Voting rights groups praise California Motor Voter for reaching nearly 800,000 voter registration transactions

For Immediate Release
July 25, 2018
Contact: Kati Phillips, Common Cause
[email protected] | (773) 392-3809
Daisy Vieyra, ACLU of California
[email protected] | 916-824-3266 

Voting rights groups praise California Motor Voter for reaching nearly 800,000 voter registration transactions

SACRAMENTO, July 25, 2018 – California voting rights organizations today praised the California Motor Voter program for dramatically increasing statewide voter registration. The joint effort between the Secretary of State and Department of Motor Vehicles (DMV) processed nearly 800,000 voter registration transactions at the DMV from late April through June and ensures voter registration will be convenient and voter rolls more accurate going forward.

“We need to build a democracy where everyone participates, every vote is counted, and everyone’s voice is heard, and California Motor Voter is moving us in that direction,” said Kathay Feng, executive director of California Common Cause. “With nearly 800,000 new, updated and re-registrations processed right out of the gate, it’s clear that this process is working and making a big impact.”

In a report on California Motor Voter released today, Secretary of State Alex Padilla reported the top three new categories of voter registration transactions: 393,020 re-registrations for people changing their name, party affiliation or other data; 259,294 new registrations for people not previously on the rolls; and 120,016 updated addresses for previously registered voters. You can view the report here.

Through California Motor Voter, eligible Californians who complete a driver’s license, identification (ID) card, or change of address transaction online, by mail or at a DMV office, are automatically registered to vote, unless they opt out. To be eligible, customers must verify they are a U.S. citizen, a resident of California and at least 18 years old, among other qualifications. The application is fully accessible, offered in 10 languages and includes pre-registration for 16 and 17-year-olds.

“Voting is the cornerstone of our democracy but, for years, difficulty registering to vote has been one of the greatest barriers preventing countless eligible Americans – particularly people of color and other marginalized communities – from exercising their fundamental right to vote,” said Raul Macias, Manager of the ACLU of California Voting Rights Project. “With the California Motor Voter, the state has taken a significant step towards addressing this problem and strengthening our democracy.”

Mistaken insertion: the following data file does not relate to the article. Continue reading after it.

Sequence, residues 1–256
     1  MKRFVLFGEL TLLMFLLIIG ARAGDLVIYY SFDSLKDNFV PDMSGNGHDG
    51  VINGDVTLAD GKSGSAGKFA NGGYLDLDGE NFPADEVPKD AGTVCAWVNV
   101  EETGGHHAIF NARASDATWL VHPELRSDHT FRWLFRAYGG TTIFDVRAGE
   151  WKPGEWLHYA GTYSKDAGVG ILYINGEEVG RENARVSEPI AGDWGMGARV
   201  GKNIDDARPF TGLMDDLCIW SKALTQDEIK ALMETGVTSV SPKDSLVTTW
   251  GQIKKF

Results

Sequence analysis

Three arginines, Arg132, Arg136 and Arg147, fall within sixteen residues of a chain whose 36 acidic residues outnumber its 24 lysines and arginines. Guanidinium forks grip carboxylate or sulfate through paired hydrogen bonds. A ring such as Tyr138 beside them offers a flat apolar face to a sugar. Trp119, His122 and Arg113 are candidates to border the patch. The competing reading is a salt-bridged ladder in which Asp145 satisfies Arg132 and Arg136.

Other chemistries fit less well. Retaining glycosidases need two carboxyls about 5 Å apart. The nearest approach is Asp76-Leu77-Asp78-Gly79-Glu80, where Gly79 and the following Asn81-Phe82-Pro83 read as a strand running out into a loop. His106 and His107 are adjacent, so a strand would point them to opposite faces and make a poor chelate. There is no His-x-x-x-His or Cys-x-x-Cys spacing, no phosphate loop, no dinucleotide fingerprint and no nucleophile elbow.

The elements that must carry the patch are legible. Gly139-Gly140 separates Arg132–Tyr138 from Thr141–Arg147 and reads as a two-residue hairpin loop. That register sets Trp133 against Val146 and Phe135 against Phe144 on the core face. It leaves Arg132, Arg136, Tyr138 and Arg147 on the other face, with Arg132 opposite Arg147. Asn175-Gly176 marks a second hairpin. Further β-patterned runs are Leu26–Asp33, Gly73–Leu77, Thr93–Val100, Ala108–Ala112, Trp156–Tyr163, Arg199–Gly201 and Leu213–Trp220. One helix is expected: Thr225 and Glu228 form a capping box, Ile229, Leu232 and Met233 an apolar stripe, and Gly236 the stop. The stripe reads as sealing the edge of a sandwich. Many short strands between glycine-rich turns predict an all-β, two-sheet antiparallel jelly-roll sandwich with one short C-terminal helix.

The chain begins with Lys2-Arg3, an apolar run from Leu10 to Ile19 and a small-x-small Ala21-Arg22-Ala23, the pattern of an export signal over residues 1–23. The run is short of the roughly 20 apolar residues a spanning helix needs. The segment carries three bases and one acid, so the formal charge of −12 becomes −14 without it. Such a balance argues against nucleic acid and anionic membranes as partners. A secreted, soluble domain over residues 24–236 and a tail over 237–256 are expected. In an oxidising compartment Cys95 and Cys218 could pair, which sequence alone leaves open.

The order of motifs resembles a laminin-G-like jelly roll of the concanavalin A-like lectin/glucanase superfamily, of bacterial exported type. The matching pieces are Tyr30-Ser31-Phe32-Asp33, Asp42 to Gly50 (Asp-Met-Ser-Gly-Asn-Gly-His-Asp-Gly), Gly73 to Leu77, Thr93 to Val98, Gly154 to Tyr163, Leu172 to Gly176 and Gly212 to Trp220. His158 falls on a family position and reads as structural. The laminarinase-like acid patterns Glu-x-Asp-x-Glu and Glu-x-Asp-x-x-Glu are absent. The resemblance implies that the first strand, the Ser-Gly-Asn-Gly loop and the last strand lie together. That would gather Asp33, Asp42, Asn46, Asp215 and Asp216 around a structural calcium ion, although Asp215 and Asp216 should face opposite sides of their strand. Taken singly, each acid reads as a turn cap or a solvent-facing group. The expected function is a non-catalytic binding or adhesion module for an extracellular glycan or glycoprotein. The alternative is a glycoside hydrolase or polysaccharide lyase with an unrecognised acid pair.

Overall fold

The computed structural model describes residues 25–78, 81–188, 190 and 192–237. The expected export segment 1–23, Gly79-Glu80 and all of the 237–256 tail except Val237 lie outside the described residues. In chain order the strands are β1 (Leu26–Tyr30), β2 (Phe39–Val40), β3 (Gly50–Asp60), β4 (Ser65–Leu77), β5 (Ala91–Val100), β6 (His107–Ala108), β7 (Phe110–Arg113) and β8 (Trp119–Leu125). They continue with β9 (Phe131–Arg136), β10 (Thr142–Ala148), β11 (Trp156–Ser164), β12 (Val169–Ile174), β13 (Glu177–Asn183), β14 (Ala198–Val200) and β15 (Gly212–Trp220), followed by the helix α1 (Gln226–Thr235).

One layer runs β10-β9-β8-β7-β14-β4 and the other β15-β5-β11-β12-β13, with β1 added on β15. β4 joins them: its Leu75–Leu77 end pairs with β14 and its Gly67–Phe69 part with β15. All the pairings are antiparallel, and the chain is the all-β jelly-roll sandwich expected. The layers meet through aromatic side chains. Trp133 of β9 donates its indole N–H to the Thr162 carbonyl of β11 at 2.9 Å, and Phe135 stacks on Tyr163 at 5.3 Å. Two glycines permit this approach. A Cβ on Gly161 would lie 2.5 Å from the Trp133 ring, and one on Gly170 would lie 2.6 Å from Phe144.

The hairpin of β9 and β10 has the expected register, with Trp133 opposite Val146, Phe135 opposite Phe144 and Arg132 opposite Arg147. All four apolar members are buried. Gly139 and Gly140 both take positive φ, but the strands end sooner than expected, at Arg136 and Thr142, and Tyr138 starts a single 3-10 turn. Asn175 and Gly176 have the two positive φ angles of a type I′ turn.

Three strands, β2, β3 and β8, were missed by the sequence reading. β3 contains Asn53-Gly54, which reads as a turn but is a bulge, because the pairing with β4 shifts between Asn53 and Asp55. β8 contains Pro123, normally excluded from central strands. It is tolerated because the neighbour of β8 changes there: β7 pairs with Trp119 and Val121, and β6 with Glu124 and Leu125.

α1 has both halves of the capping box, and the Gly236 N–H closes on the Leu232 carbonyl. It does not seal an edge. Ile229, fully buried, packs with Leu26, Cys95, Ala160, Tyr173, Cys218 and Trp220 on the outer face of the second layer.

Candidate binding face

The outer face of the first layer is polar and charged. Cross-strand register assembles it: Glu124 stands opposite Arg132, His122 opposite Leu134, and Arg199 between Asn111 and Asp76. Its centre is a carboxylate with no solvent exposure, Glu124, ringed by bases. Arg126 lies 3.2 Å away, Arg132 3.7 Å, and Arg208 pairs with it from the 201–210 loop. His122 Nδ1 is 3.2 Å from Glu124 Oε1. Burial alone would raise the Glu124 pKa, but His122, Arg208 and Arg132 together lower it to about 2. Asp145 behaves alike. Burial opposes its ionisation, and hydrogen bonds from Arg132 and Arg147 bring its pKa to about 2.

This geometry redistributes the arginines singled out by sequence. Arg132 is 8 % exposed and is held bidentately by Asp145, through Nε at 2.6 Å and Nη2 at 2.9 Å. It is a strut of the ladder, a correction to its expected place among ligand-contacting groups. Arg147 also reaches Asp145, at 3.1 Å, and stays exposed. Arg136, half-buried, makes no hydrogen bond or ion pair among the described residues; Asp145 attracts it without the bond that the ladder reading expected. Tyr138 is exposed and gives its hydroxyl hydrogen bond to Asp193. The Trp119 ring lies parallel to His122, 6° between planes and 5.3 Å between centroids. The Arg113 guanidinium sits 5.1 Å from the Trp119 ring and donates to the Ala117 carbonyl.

“We welcome the DMV’s decision to install an accessible computer for customers in every DMV office in California,” said Paul Spencer from Disability Rights California (DRC). “This will allow customers with disabilities to privately and independently complete their applications and register to vote.”

“There was great effort to design a system to serve a wide variety of DMV customers,” said Michelle Lim, Asian Americans Advancing Justice-Los Angeles. “Whether you’re a young person, an immigrant, or an individual with a disability, automatic voter registration should be intuitive and user-friendly.”

Support for programs like California Motor Voter is building momentum nationally. California was the third state to pass a law to register eligible voters automatically at the DMV when Gov. Jerry Brown signed the law in 2015. Today, California joins 13 other states, including Colorado, Illinois, Oregon and West Virginia that have implemented or adopted automatic voter registration programs.

“The goal of California Motor Voter is to improve the accuracy of voter rolls and make voter registration more convenient for Californians,” Feng said. “With more than 6 million eligible but unregistered citizens — over 24 percent of eligible voters according to state estimates — the measure could dramatically boost participation in elections.”

“These new registration numbers from California clearly show that this commonsense reform is already having a big impact in modernizing the voter registration process and improving the accuracy of voter rolls to ensure smoother elections and that fewer voters will have to cast provisional ballots due to an error on the rolls,” said Karen Hobert Flynn, president of Common Cause. “From California and Colorado to Illinois and Rhode Island, Common Cause has helped lead the fight to pass similar reforms to build a democracy where everyone participates, every vote is counted, and everyone’s voice is heard.”

Groups that worked on the development of the new California Motor Voter program include ACCE, ACLU, ACLU of California, Asian Americans Advancing Justice – Los Angeles, Brennan Center, California Common Cause, California Immigrant Policy Center, Demos, Disability Rights California, Future of California Elections, League of Women Voters California, NALEO, and UnidosUS.

Customers headed to the DMV are encouraged to fill out the driver’s license and ID card application online and to make an appointment to reduce their wait time. To access the application and make an appointment, visit www.dmv.ca.gov. To learn more about the new California Motor Voter Program, visit motorvoter.sos.ca.gov or commoncause.org/ca.

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